City of Santa Cruz Water Director Rosemary Menard says staff will spend the first five years in the study and planning phase. The water director adds that the department will keep the public apprised of costs and how it would affect ratepayers throughout the process.
There’s also the issue of collaboration. Conjunctive use will require the cooperation of neighboring water districts, one of which has already been burnt by Santa Cruz’s lack of decisiveness during the last round of ambitious attempts to address the problem.
Ron Duncan is the manager of Soquel Creek Water District, which was once slated to share Santa Cruz’s desal plant. He says the district is eager to work with partners to address concerns about a dwindling supply of groundwater that has led to seawater intrusion on a frightening scale. “At Pleasure Point, seawater levels are at least four times above accepted levels,” Duncan says. “At La Selva Beach, they are about 50 times in excess.”
If a significant amount of seawater reaches the Purisima Aquifer, which stretches from Seabright to Corralitos and holds billions of gallons, it will be ruined. However, Soquel Creek is not content to wait for Santa Cruz, Duncan says. They are moving forward with plans to build a recycled water purification plant, while keeping tabs on two separate proposals to build desalination plants in Monterey and Moss Landing.
“I think Santa Cruz has made great progress and any wounds from that desal era are healing,” Duncan says. “The community is moving past that. But, we understand the nature and the complexity of these issues and their present plan can succeed or fail for multiple reasons.”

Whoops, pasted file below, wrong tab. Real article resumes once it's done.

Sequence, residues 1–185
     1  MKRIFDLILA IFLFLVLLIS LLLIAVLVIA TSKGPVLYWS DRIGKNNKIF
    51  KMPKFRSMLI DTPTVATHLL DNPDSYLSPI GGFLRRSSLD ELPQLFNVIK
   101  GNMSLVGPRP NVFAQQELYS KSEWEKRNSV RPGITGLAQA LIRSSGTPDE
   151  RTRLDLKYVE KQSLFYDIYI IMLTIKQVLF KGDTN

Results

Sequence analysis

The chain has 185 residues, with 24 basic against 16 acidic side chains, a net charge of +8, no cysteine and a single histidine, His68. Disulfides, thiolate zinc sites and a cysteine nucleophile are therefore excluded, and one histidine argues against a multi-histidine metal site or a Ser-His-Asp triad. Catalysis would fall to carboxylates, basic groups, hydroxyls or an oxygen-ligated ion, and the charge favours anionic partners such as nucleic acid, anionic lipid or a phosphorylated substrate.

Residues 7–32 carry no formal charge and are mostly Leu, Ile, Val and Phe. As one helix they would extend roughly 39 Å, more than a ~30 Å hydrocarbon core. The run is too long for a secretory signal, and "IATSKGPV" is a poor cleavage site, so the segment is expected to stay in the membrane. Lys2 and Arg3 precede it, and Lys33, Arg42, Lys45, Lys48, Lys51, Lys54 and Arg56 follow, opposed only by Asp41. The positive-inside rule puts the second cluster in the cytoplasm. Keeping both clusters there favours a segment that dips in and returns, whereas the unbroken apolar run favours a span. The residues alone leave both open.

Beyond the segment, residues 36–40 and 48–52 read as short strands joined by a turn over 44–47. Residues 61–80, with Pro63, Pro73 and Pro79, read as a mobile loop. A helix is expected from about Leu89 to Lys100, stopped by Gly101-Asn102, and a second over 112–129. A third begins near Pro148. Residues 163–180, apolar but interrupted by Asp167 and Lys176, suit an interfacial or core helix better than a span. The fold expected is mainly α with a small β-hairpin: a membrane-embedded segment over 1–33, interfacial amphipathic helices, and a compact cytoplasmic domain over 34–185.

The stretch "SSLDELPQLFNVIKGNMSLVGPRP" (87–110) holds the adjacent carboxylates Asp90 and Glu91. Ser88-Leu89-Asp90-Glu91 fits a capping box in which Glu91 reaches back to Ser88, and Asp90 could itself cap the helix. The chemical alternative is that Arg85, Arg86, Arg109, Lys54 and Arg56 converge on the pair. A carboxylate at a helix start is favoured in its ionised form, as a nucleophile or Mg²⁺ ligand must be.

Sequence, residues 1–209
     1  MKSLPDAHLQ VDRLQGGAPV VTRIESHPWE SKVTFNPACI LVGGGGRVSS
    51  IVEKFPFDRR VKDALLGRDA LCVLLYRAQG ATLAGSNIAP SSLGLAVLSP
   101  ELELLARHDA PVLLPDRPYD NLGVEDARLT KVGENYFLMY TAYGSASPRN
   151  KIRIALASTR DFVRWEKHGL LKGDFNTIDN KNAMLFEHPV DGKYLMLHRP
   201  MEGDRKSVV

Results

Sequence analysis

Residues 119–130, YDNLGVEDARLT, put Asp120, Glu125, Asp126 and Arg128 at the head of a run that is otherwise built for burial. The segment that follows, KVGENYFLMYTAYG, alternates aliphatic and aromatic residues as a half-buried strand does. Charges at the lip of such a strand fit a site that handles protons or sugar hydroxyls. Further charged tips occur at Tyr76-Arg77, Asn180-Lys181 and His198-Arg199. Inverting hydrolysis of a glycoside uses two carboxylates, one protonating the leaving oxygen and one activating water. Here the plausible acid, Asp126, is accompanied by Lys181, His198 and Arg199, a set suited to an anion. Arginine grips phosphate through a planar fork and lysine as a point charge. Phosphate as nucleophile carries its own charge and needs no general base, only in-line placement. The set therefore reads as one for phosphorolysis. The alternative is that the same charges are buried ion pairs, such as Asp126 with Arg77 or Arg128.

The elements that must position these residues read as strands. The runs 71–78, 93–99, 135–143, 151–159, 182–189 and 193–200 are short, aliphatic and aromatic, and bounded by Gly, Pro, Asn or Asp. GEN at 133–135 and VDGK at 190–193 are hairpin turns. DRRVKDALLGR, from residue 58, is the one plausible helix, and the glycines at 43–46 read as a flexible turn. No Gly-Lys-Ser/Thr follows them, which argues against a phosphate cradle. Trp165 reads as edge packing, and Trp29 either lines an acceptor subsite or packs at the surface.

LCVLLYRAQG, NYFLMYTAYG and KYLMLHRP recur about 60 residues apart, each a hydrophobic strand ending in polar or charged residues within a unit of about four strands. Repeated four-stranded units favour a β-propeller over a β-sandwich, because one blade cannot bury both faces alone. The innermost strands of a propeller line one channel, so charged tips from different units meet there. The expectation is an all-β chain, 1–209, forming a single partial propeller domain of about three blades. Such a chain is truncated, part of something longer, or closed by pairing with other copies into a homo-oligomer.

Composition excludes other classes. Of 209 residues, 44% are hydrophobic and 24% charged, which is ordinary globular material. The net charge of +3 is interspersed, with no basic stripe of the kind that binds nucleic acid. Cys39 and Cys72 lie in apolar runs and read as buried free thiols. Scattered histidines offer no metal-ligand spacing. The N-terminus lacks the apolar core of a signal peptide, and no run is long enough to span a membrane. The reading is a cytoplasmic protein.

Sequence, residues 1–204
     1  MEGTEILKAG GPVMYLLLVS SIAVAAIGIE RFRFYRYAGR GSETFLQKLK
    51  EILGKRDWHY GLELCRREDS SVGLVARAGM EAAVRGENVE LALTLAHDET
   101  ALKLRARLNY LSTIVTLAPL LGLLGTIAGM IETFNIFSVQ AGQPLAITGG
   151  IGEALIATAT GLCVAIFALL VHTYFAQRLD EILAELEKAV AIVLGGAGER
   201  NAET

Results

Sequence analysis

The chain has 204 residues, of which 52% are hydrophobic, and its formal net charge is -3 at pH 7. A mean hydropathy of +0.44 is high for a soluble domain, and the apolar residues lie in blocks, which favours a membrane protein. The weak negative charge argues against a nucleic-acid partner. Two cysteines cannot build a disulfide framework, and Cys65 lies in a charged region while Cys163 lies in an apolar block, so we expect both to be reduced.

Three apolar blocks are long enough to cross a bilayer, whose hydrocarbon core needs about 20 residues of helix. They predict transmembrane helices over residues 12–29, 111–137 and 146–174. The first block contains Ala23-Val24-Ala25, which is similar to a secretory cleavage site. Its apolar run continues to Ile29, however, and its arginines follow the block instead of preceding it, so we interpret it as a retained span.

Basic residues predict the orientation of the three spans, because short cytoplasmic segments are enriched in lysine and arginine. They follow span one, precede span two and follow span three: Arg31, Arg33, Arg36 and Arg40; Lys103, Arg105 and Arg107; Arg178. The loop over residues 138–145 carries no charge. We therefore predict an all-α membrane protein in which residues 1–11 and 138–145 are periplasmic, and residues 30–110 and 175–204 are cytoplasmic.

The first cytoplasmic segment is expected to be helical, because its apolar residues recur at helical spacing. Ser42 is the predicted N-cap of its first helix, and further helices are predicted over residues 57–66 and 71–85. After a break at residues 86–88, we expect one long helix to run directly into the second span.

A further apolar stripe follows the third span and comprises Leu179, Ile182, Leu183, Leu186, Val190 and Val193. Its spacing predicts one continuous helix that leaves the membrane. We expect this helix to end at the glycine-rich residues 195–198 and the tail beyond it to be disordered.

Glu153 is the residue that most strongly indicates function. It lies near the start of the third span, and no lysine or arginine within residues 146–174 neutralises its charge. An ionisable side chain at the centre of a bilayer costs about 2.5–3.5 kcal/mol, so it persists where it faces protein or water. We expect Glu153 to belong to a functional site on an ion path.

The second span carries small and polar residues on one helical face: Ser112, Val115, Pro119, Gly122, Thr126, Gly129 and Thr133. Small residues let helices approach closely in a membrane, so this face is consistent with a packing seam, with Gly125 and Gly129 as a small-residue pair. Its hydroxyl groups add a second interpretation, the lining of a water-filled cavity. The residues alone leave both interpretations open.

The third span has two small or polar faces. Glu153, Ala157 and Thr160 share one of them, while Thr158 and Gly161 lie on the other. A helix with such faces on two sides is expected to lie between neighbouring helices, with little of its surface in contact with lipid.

Lane is all too aware of those reasons, especially the difficulty of getting the community on board. The city spent millions planning for a possible desal plant, only to back off a couple of years ago under pressure from activists.
Some councilmembers say one good way to measure interest from the community would be to put the project to a vote, although the council hasn’t signaled that it will pursue one yet.
At the meeting, Councilmember Richelle Noroyan asked for clarification as to why the council wasn’t pursuing a ballot measure. Lane and Councilmember Micah Posner each had different answers.
Posner said putting the plan on the ballot in June might send a message to neighboring water districts that there isn’t a commitment to the plan and create unnecessary delays. “Ballot measures are not the most nuanced form of communication,” Posner said before the vote.
Lane says that he’s happy to put the matter on hold for now. But sooner or later, he says, the council should consider a ballot measure on the WSAC recommendations, which include recycled water and desal as potential backup plans. He says the city can’t afford to put its water supply needs on hold again.
“I’m happy to set this aside for now, but if we as a council do not do something that asks for a firmer commitment, we are asking for trouble,” Lane said.
ROOM FOR CHANGE The city’s Water Supply Advisory Committee met for 18 months and wrapped up its recommendations to the Santa Cruz City Council in October. The council approved the committee’s report last month. PHOTO: KEANA PARKER